As part of my “Working with Chrome OS” series, we’re taking a look at whether Google’s OS is a viable option for attorneys.
And given that more and more of the older operating systems are coming to ends, it’s safe to say that more attorneys may be interested in giving a low-cost option such as a Chrome device.
Today, we’re going to look at how Gmail, the primary email option in Chrome OS, is better than Outlook.
(And yes, I’m typing this in a Chromebook as we speak.)
Why Gmail is Better than Outlook for Attorneys
Attorneys have been locked in an epic struggle against their email since the mid-’90s
You come into work in the morning, having armed yourself with a double-shot latte and feeling prepared for battle. Then the enemy sends the first wave – 50 messages occupy your inbox first thing in the morning. After a legendary struggle, that will be worthy of story and song; you slay the oncoming horde just in time to have lunch with other able counsel.
You come back feeling recharged to find that the enemy has attacked with a second wave of messages.
After an epic struggle, you can turn off the computer and go home for the night, knowing that the battle will begin the next morning anew. Leaving the office, you may look something like this:
Okay, maybe I’m a tad melodramatic. But wouldn’t it be nice to speed up the rate you get through your email and simplify your day?
Let’s take a look at how you can do that with Gmail. As a disclaimer, I’ve been using Google Apps, the Gmail productivity suite’s business version, since 2010, so I’m biased.
Improve Your Gmail Experience with the Right Chrome Extensions
If you want to ditch Outlook, then I suggest using Google’s Chrome browser, if nothing else, for excellent Gmail extensions.
To get the most out of Gmail here are the extensions you want to add:
- Send From Gmail – This little guy is incredible. This extension creates a button on your browser that allows you to email out any web page with one click quickly. Being on any site and being to email it to someone comes in more handy than you think, and I use this quite a bit.
- Google Calendar extension – This creates a notifier button in your browser that you can click on and view a dropdown of your calendar for the next seven days regardless of if you have your schedule open or not. You can view your calendar from any web page without actually having to leave the page.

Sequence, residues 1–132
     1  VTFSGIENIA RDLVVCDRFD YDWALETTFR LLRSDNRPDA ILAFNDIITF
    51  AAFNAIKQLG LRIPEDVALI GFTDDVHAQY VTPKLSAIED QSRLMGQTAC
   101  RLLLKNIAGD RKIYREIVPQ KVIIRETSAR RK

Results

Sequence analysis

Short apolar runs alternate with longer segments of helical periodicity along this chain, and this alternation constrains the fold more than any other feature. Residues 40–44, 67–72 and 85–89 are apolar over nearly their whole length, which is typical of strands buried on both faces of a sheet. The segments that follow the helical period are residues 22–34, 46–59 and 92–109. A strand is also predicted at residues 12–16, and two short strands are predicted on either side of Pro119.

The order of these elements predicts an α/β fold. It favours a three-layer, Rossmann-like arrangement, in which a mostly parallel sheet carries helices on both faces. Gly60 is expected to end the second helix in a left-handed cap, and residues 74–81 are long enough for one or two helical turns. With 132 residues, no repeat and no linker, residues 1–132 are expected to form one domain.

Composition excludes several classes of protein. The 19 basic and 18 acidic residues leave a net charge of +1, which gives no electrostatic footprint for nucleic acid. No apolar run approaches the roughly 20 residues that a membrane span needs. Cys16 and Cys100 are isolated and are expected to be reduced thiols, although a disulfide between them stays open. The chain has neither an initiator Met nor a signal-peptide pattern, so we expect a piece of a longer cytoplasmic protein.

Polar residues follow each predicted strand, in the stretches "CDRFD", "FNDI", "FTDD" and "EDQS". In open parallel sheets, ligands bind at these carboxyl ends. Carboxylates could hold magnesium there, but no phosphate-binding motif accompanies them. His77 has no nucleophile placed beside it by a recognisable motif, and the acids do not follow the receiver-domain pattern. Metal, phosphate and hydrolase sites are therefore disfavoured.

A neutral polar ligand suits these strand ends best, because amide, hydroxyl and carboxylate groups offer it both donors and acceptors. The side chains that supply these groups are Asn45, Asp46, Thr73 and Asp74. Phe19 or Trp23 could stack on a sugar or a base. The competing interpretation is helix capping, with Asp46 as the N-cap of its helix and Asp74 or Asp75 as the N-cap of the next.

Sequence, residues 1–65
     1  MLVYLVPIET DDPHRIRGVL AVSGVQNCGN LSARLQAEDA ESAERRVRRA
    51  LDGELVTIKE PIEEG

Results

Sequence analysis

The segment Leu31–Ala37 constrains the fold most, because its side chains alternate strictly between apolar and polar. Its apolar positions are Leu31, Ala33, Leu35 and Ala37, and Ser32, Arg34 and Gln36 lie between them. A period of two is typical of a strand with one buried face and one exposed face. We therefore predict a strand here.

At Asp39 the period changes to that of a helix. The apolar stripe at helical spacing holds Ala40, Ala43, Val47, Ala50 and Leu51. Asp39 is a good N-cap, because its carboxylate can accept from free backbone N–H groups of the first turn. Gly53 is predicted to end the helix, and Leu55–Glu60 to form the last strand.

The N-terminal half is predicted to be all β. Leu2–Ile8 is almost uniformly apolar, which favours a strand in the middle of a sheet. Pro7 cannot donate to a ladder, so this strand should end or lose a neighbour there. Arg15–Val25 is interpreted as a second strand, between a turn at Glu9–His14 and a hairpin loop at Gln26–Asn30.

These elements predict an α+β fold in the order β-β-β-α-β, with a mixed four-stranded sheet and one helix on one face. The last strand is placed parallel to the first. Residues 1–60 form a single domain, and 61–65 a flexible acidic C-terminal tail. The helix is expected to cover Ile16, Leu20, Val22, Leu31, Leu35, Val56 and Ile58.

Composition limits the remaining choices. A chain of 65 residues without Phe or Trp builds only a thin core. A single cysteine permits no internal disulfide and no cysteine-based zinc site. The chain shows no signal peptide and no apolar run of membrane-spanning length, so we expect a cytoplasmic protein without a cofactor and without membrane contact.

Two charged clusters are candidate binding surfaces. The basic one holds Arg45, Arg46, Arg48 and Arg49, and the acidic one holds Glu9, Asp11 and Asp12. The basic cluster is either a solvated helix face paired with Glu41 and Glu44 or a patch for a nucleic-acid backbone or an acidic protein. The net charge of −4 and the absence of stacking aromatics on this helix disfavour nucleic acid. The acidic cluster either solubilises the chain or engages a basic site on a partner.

- Google Tasks Panel – Google Tasks is a great “to do” manager, mainly because of its ties into Gmail and Google Calendar. This extension creates a button on your browser that allows you to pull up your task list regardless of what page you view. Again, this will enable you to view and manage your tasks without having to leave whatever you are looking at.
Enabling “Priority Inbox” — Gmail’s Killer Feature
Gmail introduced its “priority inbox” feature in 2010, and since then, I’ve never turned it off; it’s fantastic.
The concept is simple – by comparing the emails, you read and respond to against the ones you simply delete, Gmail can tell which messages are more critical.
These more critical messages are then grouped at the top of your inbox to get through them sooner.
This helps resolve your priorities much earlier in the day and having all your less essential messages grouped at the bottom lets you weed through them much faster through bulk deletions.
Here’s Google’s video on the benefits of priority inbox (you cost yourself efficiency by not using it).
To put it simply:
Priority inbox = Efficient, Simple Email Management
Using Google Tasks to Keep You On Task
Attorneys regularly buy project management or “to do” software. And quite often, all these programs do are go unutilized.
You know why?
It’s because most to-do-list software programs are cumbersome and wind up being a time-consuming, rather than time-saving, affair.
Google Tasks takes a minimal approach and integrates so nicely into your email and calendar that the experience is seamless. Here’s another quick to explain it:
Sometimes less is more, and Google Tasks’ minimalist approach certainly proves this.
There’s No Reason for Attorneys to Keep Using Outlook
Outlook can be expensive to purchase and brings many of the problems inherent to local software.
On the other hand, switching to a paid Gmail account means that for just $5.00 per month, you will always have the latest version of an excellent email client, and you won’t have the technical problems that many attorneys battle with Outlook.
If you’re worried about the fact that you currently have information in Outlook, then using Gmail’s Outlook migration tool will solve that problem.
I would undoubtedly say that Chrome OS, which relies primarily on Gmail, is a go for attorneys wanting to get rid of Windows or Mac OSX but are concerned about losing their local email client.
For any attorney who wants to get rid of Windows or Mac OS but has concerns about losing their email client— Chrome OS gets a huge thumbs up from me.
But what are your views on using Gmail as your firm’s email program? Feel free to chime in below.
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